Despite the COVID19 pandemic’s disproportionate impact on communities of color, Black people and Hispanic people are still going underrepresented in most states’ vaccination totals, according to an analysis from the Kaiser Family Foundation. Lack of access to transportation or to the internet can make it impossible to obtain a shot. And while surveys from the foundation show a decline in vaccine hesitancy among both groups, distrust fueled by past and current mistreatment in health care can remain a deterrent.
Dozens of counties where vaccination rates sit in the low double digits also have a high social vulnerability index from the U.S. Centers for Disease Control and Prevention (CDC). That’s an indicator that some of the communities facing a greater risk of being devastated by the pandemic have the scarcest defense. And yet doctors who serve these communities are finding themselves with a surplus of vaccines they can’t seem to give away.NBC News profile one such community in North Carolina. In the racially diverse county of Hoke (49 percent white, 36 percent Black, 14 percent Latino, and 9 percent Native American) where many already suffer from poor health and work in industries like the service sector and agriculture, there is little room for social distancing. Hoke County is one of several in North Carolina in the orange zone for new cases, one rung below the state’s worst category.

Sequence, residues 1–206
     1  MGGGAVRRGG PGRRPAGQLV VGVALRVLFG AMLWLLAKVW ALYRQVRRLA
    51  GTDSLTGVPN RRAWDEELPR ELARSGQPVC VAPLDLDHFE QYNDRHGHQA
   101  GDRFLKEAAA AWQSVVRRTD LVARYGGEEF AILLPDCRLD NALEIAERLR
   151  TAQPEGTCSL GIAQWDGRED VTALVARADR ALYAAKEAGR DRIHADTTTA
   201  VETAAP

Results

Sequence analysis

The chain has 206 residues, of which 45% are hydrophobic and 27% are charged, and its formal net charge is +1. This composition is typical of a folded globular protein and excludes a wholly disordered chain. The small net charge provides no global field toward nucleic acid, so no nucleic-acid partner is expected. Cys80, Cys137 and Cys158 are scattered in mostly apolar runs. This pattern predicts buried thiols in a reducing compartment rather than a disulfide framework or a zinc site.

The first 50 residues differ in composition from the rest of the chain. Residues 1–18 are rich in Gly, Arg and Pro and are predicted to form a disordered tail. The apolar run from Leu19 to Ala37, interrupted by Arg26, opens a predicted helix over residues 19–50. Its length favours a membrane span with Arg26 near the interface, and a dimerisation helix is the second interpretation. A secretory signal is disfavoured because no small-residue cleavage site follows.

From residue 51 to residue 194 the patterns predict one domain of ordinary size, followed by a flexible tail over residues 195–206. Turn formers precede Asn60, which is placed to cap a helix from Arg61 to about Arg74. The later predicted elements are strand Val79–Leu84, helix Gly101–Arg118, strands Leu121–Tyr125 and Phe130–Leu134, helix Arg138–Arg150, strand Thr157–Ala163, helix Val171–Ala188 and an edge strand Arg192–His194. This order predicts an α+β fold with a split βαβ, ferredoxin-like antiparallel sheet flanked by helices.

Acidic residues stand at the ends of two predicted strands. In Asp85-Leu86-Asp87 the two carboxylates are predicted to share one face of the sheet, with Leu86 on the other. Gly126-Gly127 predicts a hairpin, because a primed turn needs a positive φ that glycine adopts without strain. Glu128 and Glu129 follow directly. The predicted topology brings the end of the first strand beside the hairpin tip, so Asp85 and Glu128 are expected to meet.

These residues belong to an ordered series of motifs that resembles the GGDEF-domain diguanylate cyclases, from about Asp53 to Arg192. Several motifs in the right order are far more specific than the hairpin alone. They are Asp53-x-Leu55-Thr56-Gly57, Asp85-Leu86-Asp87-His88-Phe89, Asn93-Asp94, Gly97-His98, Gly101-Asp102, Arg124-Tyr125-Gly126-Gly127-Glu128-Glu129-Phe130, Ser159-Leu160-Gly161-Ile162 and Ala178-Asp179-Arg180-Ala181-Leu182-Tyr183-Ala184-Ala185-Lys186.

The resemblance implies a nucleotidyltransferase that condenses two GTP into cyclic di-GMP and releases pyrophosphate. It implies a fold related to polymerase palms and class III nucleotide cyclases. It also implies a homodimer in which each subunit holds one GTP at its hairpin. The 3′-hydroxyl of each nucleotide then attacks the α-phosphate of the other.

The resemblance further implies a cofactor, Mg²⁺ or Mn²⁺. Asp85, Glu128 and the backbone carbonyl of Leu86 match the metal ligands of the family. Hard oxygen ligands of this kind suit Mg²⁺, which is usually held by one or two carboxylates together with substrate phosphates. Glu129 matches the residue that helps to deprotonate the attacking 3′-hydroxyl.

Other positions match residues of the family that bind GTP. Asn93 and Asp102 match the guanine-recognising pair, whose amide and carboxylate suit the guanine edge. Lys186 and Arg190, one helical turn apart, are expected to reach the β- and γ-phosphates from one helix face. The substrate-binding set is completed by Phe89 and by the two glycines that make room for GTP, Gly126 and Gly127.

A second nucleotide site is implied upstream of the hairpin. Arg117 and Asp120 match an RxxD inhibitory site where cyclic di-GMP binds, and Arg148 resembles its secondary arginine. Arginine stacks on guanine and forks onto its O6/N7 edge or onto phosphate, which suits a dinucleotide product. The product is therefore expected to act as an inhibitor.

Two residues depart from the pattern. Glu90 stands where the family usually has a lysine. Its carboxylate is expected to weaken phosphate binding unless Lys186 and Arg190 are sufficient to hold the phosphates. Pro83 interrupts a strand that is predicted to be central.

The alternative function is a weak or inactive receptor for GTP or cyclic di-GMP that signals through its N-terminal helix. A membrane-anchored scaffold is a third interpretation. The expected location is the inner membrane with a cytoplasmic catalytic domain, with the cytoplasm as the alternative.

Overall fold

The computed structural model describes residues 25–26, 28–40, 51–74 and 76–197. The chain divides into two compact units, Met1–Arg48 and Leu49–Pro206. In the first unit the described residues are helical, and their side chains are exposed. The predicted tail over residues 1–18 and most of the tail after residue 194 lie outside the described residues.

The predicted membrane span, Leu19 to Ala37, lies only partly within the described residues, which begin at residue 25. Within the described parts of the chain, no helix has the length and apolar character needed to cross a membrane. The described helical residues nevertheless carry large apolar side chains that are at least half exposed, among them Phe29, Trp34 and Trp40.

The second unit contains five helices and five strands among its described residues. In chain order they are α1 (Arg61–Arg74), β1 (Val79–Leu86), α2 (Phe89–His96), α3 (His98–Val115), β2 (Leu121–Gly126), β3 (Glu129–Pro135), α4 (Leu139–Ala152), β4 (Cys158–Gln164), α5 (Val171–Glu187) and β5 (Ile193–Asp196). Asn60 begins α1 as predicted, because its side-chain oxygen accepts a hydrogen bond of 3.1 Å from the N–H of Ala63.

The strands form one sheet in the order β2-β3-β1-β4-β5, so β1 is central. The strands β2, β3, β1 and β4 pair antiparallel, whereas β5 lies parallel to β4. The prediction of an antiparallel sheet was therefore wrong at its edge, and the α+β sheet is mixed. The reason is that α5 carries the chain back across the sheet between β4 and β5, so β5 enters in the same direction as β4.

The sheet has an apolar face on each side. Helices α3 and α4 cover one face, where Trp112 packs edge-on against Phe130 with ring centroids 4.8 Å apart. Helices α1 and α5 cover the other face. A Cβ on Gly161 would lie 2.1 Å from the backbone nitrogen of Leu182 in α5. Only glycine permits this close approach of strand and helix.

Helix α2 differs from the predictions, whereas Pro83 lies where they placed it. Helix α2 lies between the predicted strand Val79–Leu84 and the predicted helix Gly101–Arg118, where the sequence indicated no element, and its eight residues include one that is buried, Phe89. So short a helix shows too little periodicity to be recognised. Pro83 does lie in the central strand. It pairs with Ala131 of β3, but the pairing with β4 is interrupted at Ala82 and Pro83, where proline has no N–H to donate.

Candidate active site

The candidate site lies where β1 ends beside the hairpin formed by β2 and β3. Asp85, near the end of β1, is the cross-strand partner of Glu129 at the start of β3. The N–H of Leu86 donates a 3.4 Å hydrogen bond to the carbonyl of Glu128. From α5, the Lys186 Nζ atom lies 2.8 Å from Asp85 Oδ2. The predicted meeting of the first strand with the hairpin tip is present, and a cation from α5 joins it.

We are grateful that North Carolina continues to hold steady when it comes to our COVID-19 metrics. But while our numbers remain stable, we are not seeing the decline in metrics we would like to see.
— Governor Roy Cooper (@NC_Governor) April 28, 2021
Now doctors are “microtargeting” these communities in the hopes of getting all of the residents vaccinated. That might range from setting up a smaller site near a community center where people can easily walk up to receive a shot, or a van bringing vaccinations to an apartment complex. Such approaches are already being deployed in cities like Baltimore, which recently launched a pop-up clinic at a community college. The idea is to use door-knocking campaigns and social media advertisements to spread the word in nearby neighborhoods before each clinic.
Here's what you need to know about COVID-19 guideline changes in North Carolina.
— WCHL & Chapelboro (@WCHLChapelboro) April 28, 2021See Also
In Baton Rouge, Louisiana, officials are planning an outreach event outside a popular nightclub. In Chicago, youth ambassadors with Increase the Peace, an anti-violence initiative, have also started sharing information about the shots.
Implicit bias: requiring online registration for vaccinations in poor urban communities. Fix: walk up same day vaccinations. https://t.co/nf0Pmz1pfF
— Privacy Maverick (@PrivacyMaverick) April 19, 2021